Tuesday, 12 April 2011

Discovering a voice

Nearly two years ago now, I got in my car and drive north to an unfamiliar venue in Staffordshire, to be guest speaker at the SCBWI retreat. If you are not familiar with this almost unpronounceable acronym (Scooby, Skiboowy, Skibwee), it stands for Society of Children's Book Writers and Illustrators. The great thing about it is that, unlike the Society of Authors, for which you need a book contract to join, it is open to unpublished writers.
Now, if this sounds like a gathering of wannabes, think again.

The thing about SCBWI is that there is a very high standard of commitment and professionalism. People being kind to aspirant writers often refer to them as the "pre-published" which presupposes that anyone who wants to will make it as a published author one day. It's well-meaning but inaccurate.

Lots more people want to write, especially for young readers, than have a chance of ever being published, especially in these difficult times. And many of these talk in vague terms about things like "inspiration." They are far less like to complete a book, let alone find a publisher for it, than those who do their homework by joining SCBWI.

They have 19,000 members worldwide, who form a support and friendship group; there are conferences and retreats where agents and editors come to give one-to-one sessions and there is the marvellous anthology idea Undiscovered Voices. There have been two of these so far 2008 and 2009 and 13 of the featured authors - more than half - have gone on to be published or are contracted for publication.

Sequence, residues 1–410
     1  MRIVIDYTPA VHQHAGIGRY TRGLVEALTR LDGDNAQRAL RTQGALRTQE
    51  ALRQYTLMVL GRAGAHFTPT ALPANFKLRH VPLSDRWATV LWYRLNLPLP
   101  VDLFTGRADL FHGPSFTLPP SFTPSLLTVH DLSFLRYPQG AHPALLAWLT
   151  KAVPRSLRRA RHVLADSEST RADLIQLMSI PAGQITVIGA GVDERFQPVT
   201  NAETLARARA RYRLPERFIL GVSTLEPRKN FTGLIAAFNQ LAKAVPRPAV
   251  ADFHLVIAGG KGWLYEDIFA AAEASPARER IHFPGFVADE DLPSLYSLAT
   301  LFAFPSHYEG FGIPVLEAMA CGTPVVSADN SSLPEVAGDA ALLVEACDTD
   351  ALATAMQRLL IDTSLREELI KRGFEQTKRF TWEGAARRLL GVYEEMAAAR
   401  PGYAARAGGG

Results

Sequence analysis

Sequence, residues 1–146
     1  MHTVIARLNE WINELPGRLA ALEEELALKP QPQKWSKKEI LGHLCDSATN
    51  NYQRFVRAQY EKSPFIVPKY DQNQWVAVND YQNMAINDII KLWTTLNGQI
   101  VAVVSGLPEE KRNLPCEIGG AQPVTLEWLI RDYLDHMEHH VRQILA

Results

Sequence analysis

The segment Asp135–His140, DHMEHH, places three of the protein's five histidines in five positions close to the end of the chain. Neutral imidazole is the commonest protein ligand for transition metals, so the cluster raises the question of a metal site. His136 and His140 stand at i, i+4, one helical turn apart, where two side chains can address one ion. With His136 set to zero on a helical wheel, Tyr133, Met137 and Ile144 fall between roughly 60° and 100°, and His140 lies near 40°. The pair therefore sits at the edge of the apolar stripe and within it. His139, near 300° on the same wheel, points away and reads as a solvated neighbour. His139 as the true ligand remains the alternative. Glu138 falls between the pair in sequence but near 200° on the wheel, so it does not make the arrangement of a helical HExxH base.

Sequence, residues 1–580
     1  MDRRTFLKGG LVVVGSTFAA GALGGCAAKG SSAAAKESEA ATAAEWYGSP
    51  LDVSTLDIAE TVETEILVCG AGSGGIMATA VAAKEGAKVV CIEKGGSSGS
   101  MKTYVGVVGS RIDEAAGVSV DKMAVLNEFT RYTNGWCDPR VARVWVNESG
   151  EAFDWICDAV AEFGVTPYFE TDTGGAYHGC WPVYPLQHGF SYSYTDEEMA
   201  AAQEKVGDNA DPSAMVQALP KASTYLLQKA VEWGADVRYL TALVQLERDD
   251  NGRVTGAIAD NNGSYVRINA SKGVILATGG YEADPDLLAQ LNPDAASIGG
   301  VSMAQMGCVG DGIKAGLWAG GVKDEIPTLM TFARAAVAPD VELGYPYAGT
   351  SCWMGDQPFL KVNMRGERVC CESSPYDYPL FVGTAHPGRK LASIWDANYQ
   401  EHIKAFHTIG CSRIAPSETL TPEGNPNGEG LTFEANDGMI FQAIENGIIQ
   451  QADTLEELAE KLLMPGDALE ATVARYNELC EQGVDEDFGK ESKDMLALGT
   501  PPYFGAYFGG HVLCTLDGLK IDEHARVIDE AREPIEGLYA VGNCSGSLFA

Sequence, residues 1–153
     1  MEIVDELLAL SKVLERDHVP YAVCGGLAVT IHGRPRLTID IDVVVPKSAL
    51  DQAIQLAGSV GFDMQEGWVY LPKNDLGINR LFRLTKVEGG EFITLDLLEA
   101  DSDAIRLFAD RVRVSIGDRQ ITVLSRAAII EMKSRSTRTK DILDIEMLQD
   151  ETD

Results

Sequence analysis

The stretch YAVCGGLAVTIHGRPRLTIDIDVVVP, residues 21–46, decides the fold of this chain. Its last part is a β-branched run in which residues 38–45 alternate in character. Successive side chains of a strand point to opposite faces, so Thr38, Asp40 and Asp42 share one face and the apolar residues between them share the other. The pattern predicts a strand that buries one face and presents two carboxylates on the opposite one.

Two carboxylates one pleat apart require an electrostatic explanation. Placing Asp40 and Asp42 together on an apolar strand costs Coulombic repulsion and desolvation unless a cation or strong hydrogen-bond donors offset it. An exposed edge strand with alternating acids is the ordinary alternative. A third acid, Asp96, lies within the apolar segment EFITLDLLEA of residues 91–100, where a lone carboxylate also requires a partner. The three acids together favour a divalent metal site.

At the retreat I went to in 2009, I met three authors who have gone on to be published (and many more who have become Facebook friends!) One was Candy Gourlay, who was an "undiscovered voice" in the first anthology of 2008. Since then, her first novel, Tall Story, has been published by David Fickling Books and shortlisted for Waterstone's Children's Book PrizeBlue Peter Favourite Story Prize, the Leeds Children's Book Prize and the Hillingdon Secondary School Book Prize. It has been nominated for the Branford Boase, the Redbridge Children's Book Award, the UKLA Book Award and the Carnegie Medal.

Candy is from the Philippines and half the book is set there, alternating with what is going on in London. It's a highly original story, with memorable characters and a touch of magical realism. It's a 9-12 story, with strong themes of family, responsibility and difference. Oh, and basketball.

Another person I met on the same retreat was Jonathan Mayhew, who had a three-book deal under his belt already, with Bloomsbury, two of which have since been published.
The first was Mortlock, a grisly piece of junior fiction for lovers of horror, with some terrifying aunts who are half human and half crow, and some real deaths.

That too was shortlisted for the Waterstone's prize and nominated for the 2011 Branford Boase Award. And Mayhew's second book, The Demon Collector, is just out.

So you see, these SCBWI-ers really do have a high success rate.

A third writer I met in Staffordshire was Miriam Halahmy and her first book is so recently out that it hasn't had time to be put on any lists but I'm sure it will. Hidden is the only one of the three aimed at teenagers and is set on Hayling island, a location Miriam knows well. When I first heard that, I thought it might involve sailing but it doesn't. It's about illegal immigration, prejudice, ignorance and the gradual growth of trust, respect and tolerance. Apart from the arrival of Mohammed by sea, hit over the head and dumped in the water by unscrupulous people-smugglers, the plot that unwinds could take place anywhere in the UK.